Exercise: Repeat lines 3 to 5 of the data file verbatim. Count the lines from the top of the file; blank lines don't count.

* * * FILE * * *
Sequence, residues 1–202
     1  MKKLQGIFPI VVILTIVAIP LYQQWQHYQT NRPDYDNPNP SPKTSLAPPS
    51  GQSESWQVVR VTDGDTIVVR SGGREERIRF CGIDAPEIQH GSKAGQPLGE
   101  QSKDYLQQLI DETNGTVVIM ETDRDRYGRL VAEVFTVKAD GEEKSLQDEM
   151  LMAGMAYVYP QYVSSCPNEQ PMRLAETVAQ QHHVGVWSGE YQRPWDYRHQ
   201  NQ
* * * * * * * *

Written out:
    51  GQSESWQVVR VTDGDTIVVR SGGREERIRF CGIDAPEIQH GSKAGQPLGE
   101  QSKDYLQQLI DETNGTVVIM ETDRDRYGRL VAEVFTVKAD GEEKSLQDEM
   151  LMAGMAYVYP QYVSSCPNEQ PMRLAETVAQ QHHVGVWSGE YQRPWDYRHQ